I don't think this is morbid. I think it shows awareness of things as they really are, and it makes common sense. (At least to me.) I also see that it shows personal courage - again in my opinion, for what that's worth.

Everyone must choose for themselves. That is what life is all about.

Best,
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Re: ER on less than 600K ?
Old 05-21-2006, 11:25 AM   #51
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Re: ER on less than 600K ?

Jon,

I agree with the gist of what you're saying.

It might be easier for me because even though I've had some social perks from being a lawyer, I have never in my life spent over 24k in a year, even with owning my own house and paying cash for cars. (Got one car before the house, and got the other when it was paid off.) I don't even try. Hiking in the Adirondacks, my favorite activity, is free. Tomorrow I'm leaving for my parents' vacation place in the mountains in Vermont. I walk most places I go, because I like to. Some years I skipped health insurance because it didn't seem reasonable, but I found a good deal.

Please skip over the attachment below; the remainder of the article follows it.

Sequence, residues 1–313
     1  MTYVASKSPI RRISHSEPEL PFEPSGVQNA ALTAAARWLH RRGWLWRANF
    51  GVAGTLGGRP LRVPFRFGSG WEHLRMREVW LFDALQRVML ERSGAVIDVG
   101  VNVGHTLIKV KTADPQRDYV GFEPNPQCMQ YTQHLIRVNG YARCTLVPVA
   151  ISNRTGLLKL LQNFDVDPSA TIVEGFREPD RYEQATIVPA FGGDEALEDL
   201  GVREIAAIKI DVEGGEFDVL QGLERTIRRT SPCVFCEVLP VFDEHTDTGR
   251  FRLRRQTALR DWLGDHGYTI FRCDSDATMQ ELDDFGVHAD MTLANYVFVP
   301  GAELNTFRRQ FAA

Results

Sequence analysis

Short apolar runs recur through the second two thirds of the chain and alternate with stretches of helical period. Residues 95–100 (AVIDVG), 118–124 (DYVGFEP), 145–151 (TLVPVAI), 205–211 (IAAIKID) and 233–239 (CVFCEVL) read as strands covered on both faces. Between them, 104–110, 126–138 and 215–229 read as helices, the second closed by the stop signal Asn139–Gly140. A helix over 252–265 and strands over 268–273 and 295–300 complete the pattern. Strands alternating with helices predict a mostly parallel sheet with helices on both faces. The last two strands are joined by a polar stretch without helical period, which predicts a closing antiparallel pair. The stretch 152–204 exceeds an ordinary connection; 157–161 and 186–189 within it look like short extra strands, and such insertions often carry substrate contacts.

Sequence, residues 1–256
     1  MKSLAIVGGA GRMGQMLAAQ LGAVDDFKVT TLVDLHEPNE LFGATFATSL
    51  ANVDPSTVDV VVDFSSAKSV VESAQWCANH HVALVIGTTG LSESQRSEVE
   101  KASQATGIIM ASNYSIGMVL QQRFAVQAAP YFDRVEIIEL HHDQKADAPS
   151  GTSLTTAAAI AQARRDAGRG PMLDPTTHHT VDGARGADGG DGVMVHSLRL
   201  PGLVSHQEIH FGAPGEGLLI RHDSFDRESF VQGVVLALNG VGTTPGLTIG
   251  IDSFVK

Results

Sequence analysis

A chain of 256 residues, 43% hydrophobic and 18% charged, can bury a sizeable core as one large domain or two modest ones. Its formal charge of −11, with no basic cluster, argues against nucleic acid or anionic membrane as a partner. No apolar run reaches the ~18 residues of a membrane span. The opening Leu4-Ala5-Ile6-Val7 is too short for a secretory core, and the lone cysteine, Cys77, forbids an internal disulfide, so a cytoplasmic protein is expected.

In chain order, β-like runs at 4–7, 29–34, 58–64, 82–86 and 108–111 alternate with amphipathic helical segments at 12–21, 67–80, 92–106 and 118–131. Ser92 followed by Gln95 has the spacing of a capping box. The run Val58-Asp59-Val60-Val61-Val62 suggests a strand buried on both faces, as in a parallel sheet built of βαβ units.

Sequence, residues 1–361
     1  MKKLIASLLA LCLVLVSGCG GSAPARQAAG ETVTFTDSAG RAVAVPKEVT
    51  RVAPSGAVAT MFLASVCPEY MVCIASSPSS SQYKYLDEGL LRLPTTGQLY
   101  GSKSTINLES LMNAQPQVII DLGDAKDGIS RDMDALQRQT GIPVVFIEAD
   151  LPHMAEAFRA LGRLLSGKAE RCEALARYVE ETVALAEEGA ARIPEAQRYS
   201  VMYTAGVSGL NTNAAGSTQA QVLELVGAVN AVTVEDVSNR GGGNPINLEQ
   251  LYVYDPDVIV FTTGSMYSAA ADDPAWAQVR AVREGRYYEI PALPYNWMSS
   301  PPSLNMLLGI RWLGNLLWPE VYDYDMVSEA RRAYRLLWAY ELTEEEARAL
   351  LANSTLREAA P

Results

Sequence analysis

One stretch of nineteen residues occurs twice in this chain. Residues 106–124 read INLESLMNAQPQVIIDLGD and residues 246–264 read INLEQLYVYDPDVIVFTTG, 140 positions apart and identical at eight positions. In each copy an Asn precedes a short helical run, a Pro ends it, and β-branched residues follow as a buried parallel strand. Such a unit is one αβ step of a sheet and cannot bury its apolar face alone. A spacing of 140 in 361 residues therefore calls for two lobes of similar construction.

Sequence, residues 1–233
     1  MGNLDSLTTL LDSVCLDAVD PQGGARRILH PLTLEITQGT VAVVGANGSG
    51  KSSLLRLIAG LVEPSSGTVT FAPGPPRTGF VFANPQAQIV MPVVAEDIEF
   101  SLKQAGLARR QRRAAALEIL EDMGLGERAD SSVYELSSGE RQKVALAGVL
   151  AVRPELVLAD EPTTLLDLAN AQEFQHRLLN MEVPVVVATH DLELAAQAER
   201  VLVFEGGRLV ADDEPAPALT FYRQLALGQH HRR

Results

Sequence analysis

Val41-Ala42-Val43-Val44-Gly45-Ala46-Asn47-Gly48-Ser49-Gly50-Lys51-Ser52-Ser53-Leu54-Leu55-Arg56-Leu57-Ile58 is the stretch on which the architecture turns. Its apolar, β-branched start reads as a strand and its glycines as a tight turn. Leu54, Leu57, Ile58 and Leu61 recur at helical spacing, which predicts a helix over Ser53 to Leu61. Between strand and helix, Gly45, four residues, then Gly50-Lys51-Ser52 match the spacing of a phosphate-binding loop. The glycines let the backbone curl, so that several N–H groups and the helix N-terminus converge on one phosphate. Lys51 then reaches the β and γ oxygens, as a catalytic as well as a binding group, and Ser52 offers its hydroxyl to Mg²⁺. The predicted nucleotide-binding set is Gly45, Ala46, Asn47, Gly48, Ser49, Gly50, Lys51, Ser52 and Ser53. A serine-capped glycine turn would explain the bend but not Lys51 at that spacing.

I think it helps too, never having spent any time around engineers or used a spreadsheet, or learned all the ways to be fearful and cautious.

I have "buckets", as some people favor, but one is called "travel" and the other is "maintenance/emergencies". My everyday expenses are a pittance, no matter what you hear about New York.

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Re: ER on less than 600K ?
Old 05-21-2006, 12:13 PM   #52
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Re: ER on less than 600K ?

Quote:
Originally Posted by rs0460a
Anyway, he reduced our 100yr "hope" to a 92/94 year "possible", resulting in a plan that among other things, says that DW/me can retire - today if we wish (at 100% of current income).
Yes - this opens up a lot of questions for DW/me at this time, but my intent is not to start a "discussion" - rather than just answer the original "thought" related to "longevity".
Sometimes, we need not plan for “forever”?
How wonderful it must be to have the self-confidence to knock down your clients' lifespans based on your knowledge of actuarial statistics.

It's like buying a stock because half of the other stocks in the market are going up. Hopefully yours does too!

Clients have to balance the possibility of outliving assets against the stress of continuing work in a toxic/stressful environment. So far the board's compromise position seems to be to escape bad situations with the possibility of part-time work until the portfolio has some slack in it.
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Re: ER on less than 600K ?
Old 05-21-2006, 12:37 PM   #53
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Re: ER on less than 600K ?